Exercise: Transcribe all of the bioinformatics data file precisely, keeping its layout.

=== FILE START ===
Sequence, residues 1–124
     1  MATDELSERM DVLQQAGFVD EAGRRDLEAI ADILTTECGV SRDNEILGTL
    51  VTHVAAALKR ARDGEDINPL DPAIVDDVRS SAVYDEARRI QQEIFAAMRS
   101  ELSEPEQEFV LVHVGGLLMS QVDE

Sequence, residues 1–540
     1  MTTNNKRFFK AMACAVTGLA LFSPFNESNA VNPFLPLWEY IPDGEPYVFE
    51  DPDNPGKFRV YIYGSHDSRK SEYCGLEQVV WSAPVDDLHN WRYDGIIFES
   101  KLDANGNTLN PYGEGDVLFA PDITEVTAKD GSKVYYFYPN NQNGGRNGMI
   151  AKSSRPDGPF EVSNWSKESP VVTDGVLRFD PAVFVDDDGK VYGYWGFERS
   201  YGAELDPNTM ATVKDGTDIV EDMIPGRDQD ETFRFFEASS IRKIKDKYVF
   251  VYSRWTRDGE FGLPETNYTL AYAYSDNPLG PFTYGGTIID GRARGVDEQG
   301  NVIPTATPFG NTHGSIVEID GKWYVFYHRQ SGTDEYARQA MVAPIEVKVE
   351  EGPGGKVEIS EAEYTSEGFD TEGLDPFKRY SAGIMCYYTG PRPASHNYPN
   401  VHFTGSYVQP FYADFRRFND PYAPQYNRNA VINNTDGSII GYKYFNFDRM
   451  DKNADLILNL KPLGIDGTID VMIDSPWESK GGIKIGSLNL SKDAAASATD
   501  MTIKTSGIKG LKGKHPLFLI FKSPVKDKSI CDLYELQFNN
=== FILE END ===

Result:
Sequence, residues 1–124
     1  MATDELSERM DVLQQAGFVD EAGRRDLEAI ADILTTECGV SRDNEILGTL
    51  VTHVAAALKR ARDGEDINPL DPAIVDDVRS SAVYDEARRI QQEIFAAMRS
   101  ELSEPEQEFV LVHVGGLLMS QVDE

Sequence, residues 1–540
     1  MTTNNKRFFK AMACAVTGLA LFSPFNESNA VNPFLPLWEY IPDGEPYVFE
    51  DPDNPGKFRV YIYGSHDSRK SEYCGLEQVV WSAPVDDLHN WRYDGIIFES
   101  KLDANGNTLN PYGEGDVLFA PDITEVTAKD GSKVYYFYPN NQNGGRNGMI
   151  AKSSRPDGPF EVSNWSKESP VVTDGVLRFD PAVFVDDDGK VYGYWGFERS
   201  YGAELDPNTM ATVKDGTDIV EDMIPGRDQD ETFRFFEASS IRKIKDKYVF
   251  VYSRWTRDGE FGLPETNYTL AYAYSDNPLG PFTYGGTIID GRARGVDEQG
   301  NVIPTATPFG NTHGSIVEID GKWYVFYHRQ SGTDEYARQA MVAPIEVKVE
   351  EGPGGKVEIS EAEYTSEGFD TEGLDPFKRY SAGIMCYYTG PRPASHNYPN
   401  VHFTGSYVQP FYADFRRFND PYAPQYNRNA VINNTDGSII GYKYFNFDRM
   451  DKNADLILNL KPLGIDGTID VMIDSPWESK GGIKIGSLNL SKDAAASATD
   501  MTIKTSGIKG LKGKHPLFLI FKSPVKDKSI CDLYELQFNN